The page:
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Cecilia, volgi un sguargo, HWV89
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'Handel: An Ode for St Cecilia’s Day' (CDA67463)
Handel: An Ode for St Cecilia’s Day
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'Handel: An Ode for St Cecilia’s Day' (SACDA67463)
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SACDA67463  Super-Audio CD — Deleted  
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No 1. Recitative: Cecilia, volgi un sguardo
No 2. Aria: La Virtute è un vero nume
No 3. Recitative: Tu, armonica Cecilia
No 4. Aria: Splenda l'alba in oriente
No 5. Recitative: Carco sempre di gloria
No 6a. Aria: Sei cara, sei bella
No 6b. Aria: Un puro ardor
Track 22 on CDA67463 [2'44]
Track 4 on KING6 [2'44] Super-budget price sampler — Download only
Track 22 on SACDA67463 [2'44] Super-Audio CD — Deleted
Track 3 on KING7 [2'44] Super-budget price sampler — Deleted
No 6c. Aria: Sei cara
No 7. Recitative: È ben degna di lode
No 8. Duetto: Tra amplessi innocenti

Cecilia, volgi un sguargo, HWV89
The cantata Cecilia, volgi un sguardo was originally written to accompany Alexander’s Feast. It was first performed between the two parts of the ode at Covent Garden on 25 February 1736. As Handel’s setting of the Dryden text proved to be too short to make a full evening’s entertainment, he added three concertos to be played at specified points during the performance, and made a number of attempts to extend the vocal music by setting additional words taken from The Power of Music, a Cecilian ode written in 1720 by his friend Newburgh Hamilton. One of these extensions, set for tenor voice, consisted of an accompanied recitative ‘Look down, harmonious saint’ and an aria ‘Sweet accents’, often sung nowadays as a short cantata. Handel abandoned this interpolation in its original form but soon found a use for the music of the aria in Cecilia, volgi. The presence of an Italian cantata among the mixture of additions to Alexander’s Feast may seem odd, but there was a good reason for it. Anna Strada del Pò, Handel’s leading soprano in 1736, was Italian, and one of the other performers in the ode was Carlo Arrigoni, a Florentine musician who had worked in London since 1732. Arrigoni had been engaged to play the lute in Alexander’s Feast, but he had a good tenor voice and it may only have been an inability to sing in English that prevented him from being a vocal soloist in the ode. Adding an Italian cantata for Strada and Arrigoni was therefore a sensible and generous gesture on Handel’s part, giving both singers a chance to show their abilities in their native tongue.

Much of the text and a little of the musical material for Cecilia, volgi is taken from Splenda l’alba in oriente. As first composed the cantata consisted of two arias with introductory recitatives, all for Arrigoni’s tenor voice, followed by a soprano recitative for Strada and the final duet. Obviously this was not a satisfactory structure from Strada’s point of view, and so before performance Handel added another recitative for her and inserted the aria ‘Sei cara, sei bella’, the music of which was simply a slightly trimmed version of the aria ‘Sweet accents’ from the earlier abandoned addition. When the full score of Alexander’s Feast was published by Walsh in 1738, Cecilia, volgi was printed in an appendix, together with an additional aria ‘Sei del ciel’, probably inserted for the mezzo-soprano castrato Domenico Annibali when the ode and the cantata were repeated in 1737. The first aria of the cantata is modestly accompanied with continuo alone, perhaps as a deliberate contrast to the powerful chorus ‘The many rend the skies’ that preceded it at the end of Part 1 of Alexander’s Feast. It nevertheless tests the tenor voice with a highly elaborate vocal line. The next aria, based on the opening aria of Splenda l’alba in oriente and using the same text, has a lively triple-time rhythm, with an accompaniment of full strings. ‘Sei cara’, the soprano aria, has a variety of effects within itself. The main section is mostly in fast tempo, with a vocal line dominated by long, florid runs, but it is divided into two statements, each begun with the opening words set in a slow tempo, inviting additional vocal embellishment. In the middle section, originally composed as a reflection on the mysterious power of music, a new and unexpected mood of ravishing intensity is ushered in by a change to a minor key and the entry of the full strings. Shifting harmonies help to create a musical equivalent of the rapt, heavenward-gazing image of Cecilia found in many Renaissance paintings. The cantata closes in lighter style, with jaunty, syncopated rhythms bringing a sense of playfulness to the final duet. Handel’s last cantata with orchestral accompaniment celebrates the joint themes of music and virtue with engaging warmth.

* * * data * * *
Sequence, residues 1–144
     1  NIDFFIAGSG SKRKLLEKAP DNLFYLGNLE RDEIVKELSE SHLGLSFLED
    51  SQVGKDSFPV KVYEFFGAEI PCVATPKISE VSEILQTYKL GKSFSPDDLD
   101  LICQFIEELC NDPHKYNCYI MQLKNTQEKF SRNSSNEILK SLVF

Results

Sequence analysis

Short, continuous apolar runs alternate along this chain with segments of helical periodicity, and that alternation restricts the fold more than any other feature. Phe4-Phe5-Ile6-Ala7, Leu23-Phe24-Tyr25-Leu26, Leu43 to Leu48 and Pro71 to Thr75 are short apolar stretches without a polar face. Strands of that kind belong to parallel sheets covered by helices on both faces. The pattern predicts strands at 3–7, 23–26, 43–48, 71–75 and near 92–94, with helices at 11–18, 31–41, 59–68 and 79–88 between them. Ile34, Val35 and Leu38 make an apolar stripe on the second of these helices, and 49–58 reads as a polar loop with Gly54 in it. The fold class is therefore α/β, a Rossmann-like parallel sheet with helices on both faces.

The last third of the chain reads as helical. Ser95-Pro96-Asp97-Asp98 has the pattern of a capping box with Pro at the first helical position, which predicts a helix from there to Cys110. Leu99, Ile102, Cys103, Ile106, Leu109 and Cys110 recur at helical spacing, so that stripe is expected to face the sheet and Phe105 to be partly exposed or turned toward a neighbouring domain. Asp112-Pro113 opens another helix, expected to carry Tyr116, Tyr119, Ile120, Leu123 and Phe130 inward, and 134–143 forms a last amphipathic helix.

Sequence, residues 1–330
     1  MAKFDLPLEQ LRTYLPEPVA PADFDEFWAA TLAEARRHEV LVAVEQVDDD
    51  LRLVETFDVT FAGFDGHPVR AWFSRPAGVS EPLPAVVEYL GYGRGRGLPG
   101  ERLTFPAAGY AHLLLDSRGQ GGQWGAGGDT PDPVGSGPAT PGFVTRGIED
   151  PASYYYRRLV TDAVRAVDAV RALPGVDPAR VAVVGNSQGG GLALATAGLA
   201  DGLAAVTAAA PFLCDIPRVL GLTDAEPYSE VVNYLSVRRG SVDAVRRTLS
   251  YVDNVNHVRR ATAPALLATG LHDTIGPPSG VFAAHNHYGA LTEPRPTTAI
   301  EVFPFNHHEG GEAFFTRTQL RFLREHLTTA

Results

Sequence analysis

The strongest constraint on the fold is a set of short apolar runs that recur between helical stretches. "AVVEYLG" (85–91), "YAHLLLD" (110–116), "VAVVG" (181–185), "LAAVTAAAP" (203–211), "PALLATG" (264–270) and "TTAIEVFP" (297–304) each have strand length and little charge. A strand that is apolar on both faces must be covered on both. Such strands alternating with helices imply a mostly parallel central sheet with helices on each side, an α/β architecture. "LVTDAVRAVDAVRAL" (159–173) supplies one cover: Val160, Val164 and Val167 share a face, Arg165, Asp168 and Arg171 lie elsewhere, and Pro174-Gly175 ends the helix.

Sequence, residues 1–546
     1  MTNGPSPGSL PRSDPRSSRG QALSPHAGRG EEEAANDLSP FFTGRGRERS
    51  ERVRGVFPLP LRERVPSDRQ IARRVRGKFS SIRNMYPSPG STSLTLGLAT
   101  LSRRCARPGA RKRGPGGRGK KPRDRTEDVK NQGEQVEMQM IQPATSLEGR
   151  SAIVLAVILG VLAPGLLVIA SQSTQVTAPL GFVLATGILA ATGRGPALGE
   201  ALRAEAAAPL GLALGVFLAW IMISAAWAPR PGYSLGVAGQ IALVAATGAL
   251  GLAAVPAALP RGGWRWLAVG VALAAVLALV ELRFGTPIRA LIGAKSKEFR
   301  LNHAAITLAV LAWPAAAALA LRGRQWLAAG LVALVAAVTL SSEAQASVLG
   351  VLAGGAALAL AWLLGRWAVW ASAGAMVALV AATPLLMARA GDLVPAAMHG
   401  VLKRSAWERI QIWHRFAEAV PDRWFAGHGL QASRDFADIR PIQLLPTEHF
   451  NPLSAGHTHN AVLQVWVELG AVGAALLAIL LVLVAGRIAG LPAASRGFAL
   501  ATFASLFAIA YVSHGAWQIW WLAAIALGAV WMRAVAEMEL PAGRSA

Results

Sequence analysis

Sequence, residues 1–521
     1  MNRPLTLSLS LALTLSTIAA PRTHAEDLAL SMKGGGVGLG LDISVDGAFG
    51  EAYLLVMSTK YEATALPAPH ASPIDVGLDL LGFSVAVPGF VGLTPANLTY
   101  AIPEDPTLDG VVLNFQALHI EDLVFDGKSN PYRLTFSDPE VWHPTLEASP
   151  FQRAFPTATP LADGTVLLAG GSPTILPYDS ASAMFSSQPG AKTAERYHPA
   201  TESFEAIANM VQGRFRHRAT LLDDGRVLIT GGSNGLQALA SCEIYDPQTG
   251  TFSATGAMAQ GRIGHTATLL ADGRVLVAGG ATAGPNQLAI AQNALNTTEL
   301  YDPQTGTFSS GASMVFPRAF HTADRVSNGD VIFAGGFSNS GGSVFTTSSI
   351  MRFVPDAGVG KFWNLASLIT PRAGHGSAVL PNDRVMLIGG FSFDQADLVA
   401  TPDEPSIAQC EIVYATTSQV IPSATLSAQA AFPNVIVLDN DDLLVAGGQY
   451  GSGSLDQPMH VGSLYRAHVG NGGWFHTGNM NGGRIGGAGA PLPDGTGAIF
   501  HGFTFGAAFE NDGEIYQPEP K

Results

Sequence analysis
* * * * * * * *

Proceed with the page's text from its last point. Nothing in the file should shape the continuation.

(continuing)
from notes by Anthony Hicks © 2004

Track-specific metadata
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Details for SACDA67463 track 24
No 7, Recitative: È ben degna di lode
Recording date
26 June 2003
Recording venue
St Jude-on-the-Hill, Hampstead Garden Suburb, London, United Kingdom
Recording producer
Ben Turner
Recording engineer
Philip Hobbs
Hyperion usage
  1. Handel: An Ode for St Cecilia’s Day (CDA67463)
    Disc 1 Track 24
    Release date: September 2004
  2. Handel: An Ode for St Cecilia’s Day (SACDA67463)
    Disc 1 Track 24
    Release date: September 2004
    Deletion date: December 2011
    Super-Audio CD — Deleted
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